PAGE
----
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Grafting/Characterization Techniques/Kinetic Modeling

  • Editors
  • H. Galina
  • Y. Ikada
  • K. Kato
  • R. Kitamaru
  • J. Lechowicz
  • Y. Uyama
  • C. Wu

Part of the Advances in Polymer Science book series (POLYMER, volume 137)

Table of contents

  1. Front Matter
    Pages I-VII
  2. Yoshikimi Uyama, Koichi Kato, Yoshito Ikada
    Pages 1-39
  3. Back Matter
    Pages 173-187

About this book

Introduction

Most of the untreated surfaces of polymers used in industry are not hydrophilic but hydrophobic. It is, therefore, difficult to bond these nonpolar polymer sur­ faces directly to other substances like adhesives, printing inks, and paints because they generally consist of polar compounds. On the other hand, polymer surfaces generally adsorb proteins when brought into direct contact with a bio­ logical system, resulting in cell attachment or platelet aggregation. The protein adsorption and attachment of biological components trigger a subsequent series of mostly adverse biological reactions toward the polymeric materials. Therefore, the technologies for surface modification of polymers or regulation of the polymer surface interaction with other substances have been of prime importance in polymer applications from the advent of polymer industries. Some of the technologies have been directed to introduction of new function­ alities onto polymer surfaces. The new functionalities introduced include improved surface hydrophilicity, hydrophobicity, bio compatibility, conductivi­ ty, anti-fogging, anti-fouling, grazing, surface hardness, surface roughness, adhesion, lubrication, and antistatic property. Theoretically, there is a large dif­ ference in properties between the surface and the bulk of a material and only the outermost surface is enough to be taken into consideration when the sur­ face properties are concerned. However, this is not the case for polymer surfaces, as the physical structure of the outermost polymer surface is generally not fixed but continuously changing with time due to the microscopic Brownian motion of polymer segments.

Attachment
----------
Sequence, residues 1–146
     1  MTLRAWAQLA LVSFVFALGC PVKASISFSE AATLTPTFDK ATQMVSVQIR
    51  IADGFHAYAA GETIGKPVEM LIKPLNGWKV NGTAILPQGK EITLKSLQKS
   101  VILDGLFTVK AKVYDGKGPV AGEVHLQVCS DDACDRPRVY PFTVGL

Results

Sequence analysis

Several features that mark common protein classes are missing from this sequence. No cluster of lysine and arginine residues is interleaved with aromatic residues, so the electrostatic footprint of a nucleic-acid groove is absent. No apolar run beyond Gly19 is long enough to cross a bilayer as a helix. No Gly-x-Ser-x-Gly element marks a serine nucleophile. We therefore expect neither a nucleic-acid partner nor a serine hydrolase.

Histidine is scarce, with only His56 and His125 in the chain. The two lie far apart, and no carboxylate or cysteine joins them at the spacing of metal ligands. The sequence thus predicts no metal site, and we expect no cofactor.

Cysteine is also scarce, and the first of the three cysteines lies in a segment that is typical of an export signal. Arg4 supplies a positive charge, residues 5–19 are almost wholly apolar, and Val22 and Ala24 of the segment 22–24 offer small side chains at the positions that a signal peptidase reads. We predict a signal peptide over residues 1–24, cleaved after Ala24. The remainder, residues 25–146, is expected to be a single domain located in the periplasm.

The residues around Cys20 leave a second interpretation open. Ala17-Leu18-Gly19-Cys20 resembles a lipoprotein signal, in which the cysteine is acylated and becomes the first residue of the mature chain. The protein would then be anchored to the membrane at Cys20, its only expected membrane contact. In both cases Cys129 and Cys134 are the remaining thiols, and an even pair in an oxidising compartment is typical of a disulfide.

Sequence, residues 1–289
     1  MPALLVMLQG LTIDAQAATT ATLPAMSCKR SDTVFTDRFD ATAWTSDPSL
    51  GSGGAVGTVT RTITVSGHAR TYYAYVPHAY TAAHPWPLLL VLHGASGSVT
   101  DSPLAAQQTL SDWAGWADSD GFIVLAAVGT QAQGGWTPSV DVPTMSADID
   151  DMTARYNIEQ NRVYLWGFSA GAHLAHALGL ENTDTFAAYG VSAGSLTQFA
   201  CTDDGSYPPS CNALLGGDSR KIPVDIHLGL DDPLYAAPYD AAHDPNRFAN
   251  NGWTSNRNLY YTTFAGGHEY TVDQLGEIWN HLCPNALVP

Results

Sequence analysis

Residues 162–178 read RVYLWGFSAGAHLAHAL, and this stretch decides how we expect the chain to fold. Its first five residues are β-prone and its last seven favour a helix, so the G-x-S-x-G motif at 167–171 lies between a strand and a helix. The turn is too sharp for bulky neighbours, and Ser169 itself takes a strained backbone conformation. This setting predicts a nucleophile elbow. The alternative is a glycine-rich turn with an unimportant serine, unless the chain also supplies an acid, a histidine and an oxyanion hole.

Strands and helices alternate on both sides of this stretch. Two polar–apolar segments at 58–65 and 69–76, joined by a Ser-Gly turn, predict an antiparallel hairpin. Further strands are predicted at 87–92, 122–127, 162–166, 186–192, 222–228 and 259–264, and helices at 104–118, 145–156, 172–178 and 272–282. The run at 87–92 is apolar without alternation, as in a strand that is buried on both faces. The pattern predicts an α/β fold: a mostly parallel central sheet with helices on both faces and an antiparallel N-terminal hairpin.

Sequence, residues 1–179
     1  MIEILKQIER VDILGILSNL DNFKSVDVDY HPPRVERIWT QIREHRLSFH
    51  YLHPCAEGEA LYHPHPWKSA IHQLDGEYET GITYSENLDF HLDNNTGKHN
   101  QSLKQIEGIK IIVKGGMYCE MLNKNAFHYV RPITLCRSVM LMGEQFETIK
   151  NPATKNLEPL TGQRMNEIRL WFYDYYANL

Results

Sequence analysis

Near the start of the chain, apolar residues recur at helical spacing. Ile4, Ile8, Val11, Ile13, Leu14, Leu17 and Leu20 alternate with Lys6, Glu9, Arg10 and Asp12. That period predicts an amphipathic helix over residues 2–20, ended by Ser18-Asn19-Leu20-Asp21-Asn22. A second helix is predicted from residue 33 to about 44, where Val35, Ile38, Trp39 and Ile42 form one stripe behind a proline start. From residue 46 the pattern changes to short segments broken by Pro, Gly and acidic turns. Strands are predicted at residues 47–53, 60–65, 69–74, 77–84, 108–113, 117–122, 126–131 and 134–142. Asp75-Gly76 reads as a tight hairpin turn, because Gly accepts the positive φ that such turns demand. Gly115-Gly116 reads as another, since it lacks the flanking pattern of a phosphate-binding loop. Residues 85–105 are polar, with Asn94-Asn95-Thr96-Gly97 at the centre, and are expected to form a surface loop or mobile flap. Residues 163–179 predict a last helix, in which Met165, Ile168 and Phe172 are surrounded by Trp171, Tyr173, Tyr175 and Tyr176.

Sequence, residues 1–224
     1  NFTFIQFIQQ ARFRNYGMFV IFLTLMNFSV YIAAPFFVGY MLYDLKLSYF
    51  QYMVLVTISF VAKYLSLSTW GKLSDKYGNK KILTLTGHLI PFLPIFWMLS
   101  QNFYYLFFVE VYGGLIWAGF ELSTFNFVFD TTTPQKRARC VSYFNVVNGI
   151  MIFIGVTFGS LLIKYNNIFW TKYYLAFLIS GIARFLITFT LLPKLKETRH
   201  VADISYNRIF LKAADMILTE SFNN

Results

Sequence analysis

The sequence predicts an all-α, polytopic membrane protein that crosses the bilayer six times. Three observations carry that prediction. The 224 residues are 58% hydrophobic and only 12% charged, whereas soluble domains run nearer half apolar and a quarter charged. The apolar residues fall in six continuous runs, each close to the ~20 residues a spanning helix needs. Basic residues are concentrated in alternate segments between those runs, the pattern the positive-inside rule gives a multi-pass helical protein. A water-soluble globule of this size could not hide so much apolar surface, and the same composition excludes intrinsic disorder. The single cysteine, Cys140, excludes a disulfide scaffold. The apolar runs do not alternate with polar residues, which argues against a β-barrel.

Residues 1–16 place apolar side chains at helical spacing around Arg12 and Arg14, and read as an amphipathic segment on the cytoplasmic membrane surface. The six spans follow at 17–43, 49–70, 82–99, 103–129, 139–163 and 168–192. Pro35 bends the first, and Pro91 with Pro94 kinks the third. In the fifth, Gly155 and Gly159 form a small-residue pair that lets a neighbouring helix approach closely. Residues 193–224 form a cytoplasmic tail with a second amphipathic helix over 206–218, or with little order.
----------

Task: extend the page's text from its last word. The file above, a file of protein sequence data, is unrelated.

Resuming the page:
Keywords

Bioabbau Festkörperphysik Makromoleküle Oberflächenwissenschaften Polyethylen Polymer Polymere biodegradation condensed matter makromolecules physical chemistry physikalische Chemie polymers surface science

Bibliographic information

  • DOI https://doi.org/10.1007/3-540-69685-7
  • Copyright Information Springer-Verlag Berlin Heidelberg 1998
  • Publisher Name Springer, Berlin, Heidelberg
  • eBook Packages Springer Book Archive
  • Print ISBN 978-3-540-64016-5
  • Online ISBN 978-3-540-69685-8
  • Series Print ISSN 0065-3195
  • Buy this book on publisher's site
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